The good folk on the Scottish Cafe Racer page on Facebook organise casual meet-ups a few times a year. The most recent one was at The Cove, a cafe in Queensferry under the span of the Forth Bridge. As it was only about a half hours ride from where I live in East Lothian, and as it was a pleasantly sunny evening, I thought I'd pop along for a look.
Not everyone turned up on something which could be classed as a "cafe racer", but still there were still enough interesting machines for folk to have a look at and chat to their owners. A cup of tea and a bacon roll could also be had from the cafe while you were doing so.
Here are a few of the more interesting bikes to turn up.
Wednesday, 26 June 2019
Saturday, 22 June 2019
First trip on the new bike. So, packed and off to the ferry to Belfast, a port I haven't used for nearly 20 years.
There were a goodly number of bikes on this crossing, including a number of huge Indians and Triumph Rocket IIIs, which simply dwarfed the Speedy.
|Not feeling in any way inadequate at all|
The trip over was uneventful other than being loaded dead last onto the ferry at Cairnryan, something I've never had happen in all the years I've been travelling. Normally they like to get the bikes on and secured first, which often means we can get away quickly once we dock at the other end. Not so this time. More of an inconvenience than a complaint, I'd maybe not be so blasé about it if I'd been kept waiting in the rain for over half an hour while everyone else got on ahead of me, though.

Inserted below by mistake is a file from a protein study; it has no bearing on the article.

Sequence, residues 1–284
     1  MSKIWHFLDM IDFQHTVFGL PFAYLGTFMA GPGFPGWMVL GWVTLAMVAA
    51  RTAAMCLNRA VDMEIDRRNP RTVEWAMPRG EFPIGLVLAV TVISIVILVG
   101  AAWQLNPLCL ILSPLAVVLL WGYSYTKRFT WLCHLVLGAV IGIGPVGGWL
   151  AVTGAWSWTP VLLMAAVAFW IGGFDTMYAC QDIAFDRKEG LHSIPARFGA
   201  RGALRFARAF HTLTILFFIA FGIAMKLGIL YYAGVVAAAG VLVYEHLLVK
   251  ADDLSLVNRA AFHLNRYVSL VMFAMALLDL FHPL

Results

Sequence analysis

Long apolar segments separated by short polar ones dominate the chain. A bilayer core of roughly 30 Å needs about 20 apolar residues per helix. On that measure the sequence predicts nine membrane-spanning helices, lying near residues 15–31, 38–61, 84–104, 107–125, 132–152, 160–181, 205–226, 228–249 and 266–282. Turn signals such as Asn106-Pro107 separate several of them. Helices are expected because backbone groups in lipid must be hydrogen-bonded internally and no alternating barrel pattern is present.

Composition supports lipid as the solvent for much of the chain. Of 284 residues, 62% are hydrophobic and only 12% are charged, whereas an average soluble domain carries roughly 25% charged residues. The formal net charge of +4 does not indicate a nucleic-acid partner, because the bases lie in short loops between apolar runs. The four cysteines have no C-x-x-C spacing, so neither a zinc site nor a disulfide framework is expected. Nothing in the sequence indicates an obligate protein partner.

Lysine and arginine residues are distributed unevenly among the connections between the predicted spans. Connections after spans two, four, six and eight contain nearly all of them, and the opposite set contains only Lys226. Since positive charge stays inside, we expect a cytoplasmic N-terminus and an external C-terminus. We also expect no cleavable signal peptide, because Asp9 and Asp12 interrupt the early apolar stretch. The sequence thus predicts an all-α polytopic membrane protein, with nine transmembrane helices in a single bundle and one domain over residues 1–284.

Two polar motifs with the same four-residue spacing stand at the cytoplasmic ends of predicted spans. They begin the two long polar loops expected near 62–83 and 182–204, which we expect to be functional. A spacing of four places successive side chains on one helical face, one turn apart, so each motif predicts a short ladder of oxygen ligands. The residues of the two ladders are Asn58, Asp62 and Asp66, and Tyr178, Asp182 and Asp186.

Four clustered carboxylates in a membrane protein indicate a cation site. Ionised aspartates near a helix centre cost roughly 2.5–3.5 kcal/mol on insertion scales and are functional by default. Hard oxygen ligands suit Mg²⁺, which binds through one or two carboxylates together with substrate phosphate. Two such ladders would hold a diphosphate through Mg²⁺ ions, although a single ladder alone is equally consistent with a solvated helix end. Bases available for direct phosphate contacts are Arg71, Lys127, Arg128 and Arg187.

|They do say that MZ riders need a sense of humour|
The rally itself is technically organised as an MZ Riders Club event, but no one is particularly precious about that and you are made more than welcome whatever mode of transport you arrive on and folk bring whatever they happen to be riding at the time.
I was particularly taken with the ex-police Velocette LE 200 'Noddy Bike'. It had come a long way on what turned out to be its maiden trip after an oily rag restoration. Not too sure if I'd have been too keen on taking a 60 year-old 200cc machine onto the motorway. I was feeling insecure enough about being on the smallest bike I've ridden in years at 865cc.
|Royal Enfield Himalayan|
Anyway, the weekend proceeded much as these things do. Eating, drinking, catching up with friends old and new, and riding around the Irish countryside, weather permitting.
Music at the holiday centre and in the pub was provided courtesy of those who had brought their instruments with them. The pub is used to this after all the years we've been coming. It saves them putting on their own entertainment, I suppose.
And all too soon it is time to pack up and head back to the ferry for the return trip.
On the ferry home we bumped into a couple of lads from London with their teenage sons in tow riding huge BMWs and planning on a road trip with a little wild camping thrown in and taking in the west coast of Scotland, out to Orkney and Shetland, before heading home down the east coast. Originally jealous, the horrible weather in the week since has changed to relief that I wasn’t doing it.
So, overall impressions of the new bike on this its first real test?